Rachel Rubin, MD, an assistant clinical professor in urology at Georgetown University and a urologic surgeon, discusses the origin of the historical idea that sexual dysfunction in women is primarily based in emotional and/or psychological conditions.
Pharmacy Times interviewed Rachel Rubin, MD, an assistant clinical professor in urology at Georgetown University, a urologic surgeon who specializes in the treatment of sexual dysfunction in both men and women, and one of only a handful of physicians trained in both female and male sexual medicine, on hypoactive sexual desire disorder (HSDD) and the current treatments available for this medical condition.
Alana Hippensteele: Where might thehistorical idea that sexual dysfunctionin women is primarily based in emotionaland/or psychological conditions potentially come from?
Rachel Rubin: Well, I think Freud did nobody [much] good at any point, and if we could blame one human that I could maybe strangle it may be Freud. I'd like to have a conversation with him.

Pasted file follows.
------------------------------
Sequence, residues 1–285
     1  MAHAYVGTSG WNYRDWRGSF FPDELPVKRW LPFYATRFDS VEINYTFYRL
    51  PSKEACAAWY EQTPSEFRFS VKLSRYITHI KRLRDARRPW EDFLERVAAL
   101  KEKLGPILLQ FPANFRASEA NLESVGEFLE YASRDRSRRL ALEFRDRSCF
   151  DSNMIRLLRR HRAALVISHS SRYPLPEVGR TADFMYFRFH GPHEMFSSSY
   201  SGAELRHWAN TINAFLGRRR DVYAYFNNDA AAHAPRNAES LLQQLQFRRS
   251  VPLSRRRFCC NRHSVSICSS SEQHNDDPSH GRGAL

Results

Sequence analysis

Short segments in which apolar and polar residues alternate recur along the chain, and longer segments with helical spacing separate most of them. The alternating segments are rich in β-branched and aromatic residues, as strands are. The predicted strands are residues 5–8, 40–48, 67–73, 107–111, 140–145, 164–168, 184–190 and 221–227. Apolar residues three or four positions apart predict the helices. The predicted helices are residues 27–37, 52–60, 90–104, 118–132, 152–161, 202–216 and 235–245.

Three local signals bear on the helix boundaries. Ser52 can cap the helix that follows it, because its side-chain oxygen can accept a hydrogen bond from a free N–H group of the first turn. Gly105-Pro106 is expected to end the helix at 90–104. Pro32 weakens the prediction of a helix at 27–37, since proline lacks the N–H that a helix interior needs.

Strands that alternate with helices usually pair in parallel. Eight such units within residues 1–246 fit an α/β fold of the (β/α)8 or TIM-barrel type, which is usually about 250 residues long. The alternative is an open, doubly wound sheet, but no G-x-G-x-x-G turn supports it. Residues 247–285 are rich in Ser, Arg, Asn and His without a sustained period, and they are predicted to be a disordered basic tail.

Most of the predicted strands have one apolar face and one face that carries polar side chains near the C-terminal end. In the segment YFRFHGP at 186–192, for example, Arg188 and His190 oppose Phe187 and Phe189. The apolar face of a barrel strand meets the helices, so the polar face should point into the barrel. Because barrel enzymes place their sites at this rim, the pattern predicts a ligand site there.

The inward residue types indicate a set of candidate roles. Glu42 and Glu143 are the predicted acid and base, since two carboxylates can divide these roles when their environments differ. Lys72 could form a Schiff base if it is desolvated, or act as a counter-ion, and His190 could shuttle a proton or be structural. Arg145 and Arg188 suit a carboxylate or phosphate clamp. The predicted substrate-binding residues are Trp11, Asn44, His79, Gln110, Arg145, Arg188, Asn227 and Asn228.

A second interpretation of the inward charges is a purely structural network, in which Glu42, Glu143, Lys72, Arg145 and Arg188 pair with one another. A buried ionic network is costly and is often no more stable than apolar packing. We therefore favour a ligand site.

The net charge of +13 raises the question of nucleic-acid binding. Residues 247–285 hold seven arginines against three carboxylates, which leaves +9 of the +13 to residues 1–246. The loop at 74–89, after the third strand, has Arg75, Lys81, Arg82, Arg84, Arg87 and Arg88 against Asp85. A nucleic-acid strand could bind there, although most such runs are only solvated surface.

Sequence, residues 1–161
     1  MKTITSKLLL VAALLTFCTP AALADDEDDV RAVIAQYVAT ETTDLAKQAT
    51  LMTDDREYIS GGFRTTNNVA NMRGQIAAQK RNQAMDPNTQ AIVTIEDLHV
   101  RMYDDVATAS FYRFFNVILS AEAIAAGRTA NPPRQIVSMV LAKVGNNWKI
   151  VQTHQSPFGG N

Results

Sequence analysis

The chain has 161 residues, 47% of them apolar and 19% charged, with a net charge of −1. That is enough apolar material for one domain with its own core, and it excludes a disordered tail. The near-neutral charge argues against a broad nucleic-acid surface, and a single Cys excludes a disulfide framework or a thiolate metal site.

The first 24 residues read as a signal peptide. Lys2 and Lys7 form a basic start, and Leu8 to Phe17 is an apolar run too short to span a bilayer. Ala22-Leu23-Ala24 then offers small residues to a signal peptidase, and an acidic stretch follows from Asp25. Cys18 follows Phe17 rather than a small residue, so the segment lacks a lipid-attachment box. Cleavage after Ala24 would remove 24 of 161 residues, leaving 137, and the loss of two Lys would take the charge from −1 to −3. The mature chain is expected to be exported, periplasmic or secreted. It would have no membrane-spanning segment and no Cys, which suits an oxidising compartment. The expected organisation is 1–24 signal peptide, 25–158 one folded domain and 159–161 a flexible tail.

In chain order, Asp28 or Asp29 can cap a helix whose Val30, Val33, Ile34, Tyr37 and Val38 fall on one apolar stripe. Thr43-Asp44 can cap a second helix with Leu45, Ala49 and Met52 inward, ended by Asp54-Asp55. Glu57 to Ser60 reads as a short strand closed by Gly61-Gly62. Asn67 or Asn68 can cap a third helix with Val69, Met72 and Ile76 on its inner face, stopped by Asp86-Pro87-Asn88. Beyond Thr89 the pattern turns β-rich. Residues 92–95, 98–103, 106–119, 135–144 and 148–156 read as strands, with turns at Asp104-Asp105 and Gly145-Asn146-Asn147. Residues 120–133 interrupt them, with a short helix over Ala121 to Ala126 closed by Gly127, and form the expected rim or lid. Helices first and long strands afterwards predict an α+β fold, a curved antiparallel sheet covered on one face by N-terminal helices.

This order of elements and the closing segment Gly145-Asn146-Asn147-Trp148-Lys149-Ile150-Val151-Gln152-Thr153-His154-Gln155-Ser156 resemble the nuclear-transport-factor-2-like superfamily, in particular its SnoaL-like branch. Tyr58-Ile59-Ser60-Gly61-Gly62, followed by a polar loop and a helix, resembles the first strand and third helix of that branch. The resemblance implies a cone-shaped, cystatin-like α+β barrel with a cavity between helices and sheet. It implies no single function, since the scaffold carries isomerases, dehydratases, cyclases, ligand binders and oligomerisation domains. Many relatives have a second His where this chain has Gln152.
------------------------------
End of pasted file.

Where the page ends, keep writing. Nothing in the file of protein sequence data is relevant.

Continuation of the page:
I think I do have a lot of opinions about this, and they're my sole opinions, but I think that women historically have gone into psychosocial fields and have been incredible researchers and incredible champions in the social sciences and in the psychosocial world. So, they take on subjects they care about, like sexual health, and they do a killer job. And there are some incredible researchers out there over the decades that have really gotten us to understand so much about sexual health from a psychosocial lens.
But we have fewer women in the biological science part of the world. Listen, I'm a woman urologist. We make up less than 10% of practicing urologists.
We don't often champion these issues as being really valuable and important [in society], and so we don't research things that we don't value. You don't see a lot of NIH funding picking up on women's sexual health conditions, and so we're lagging behind on the biology piece.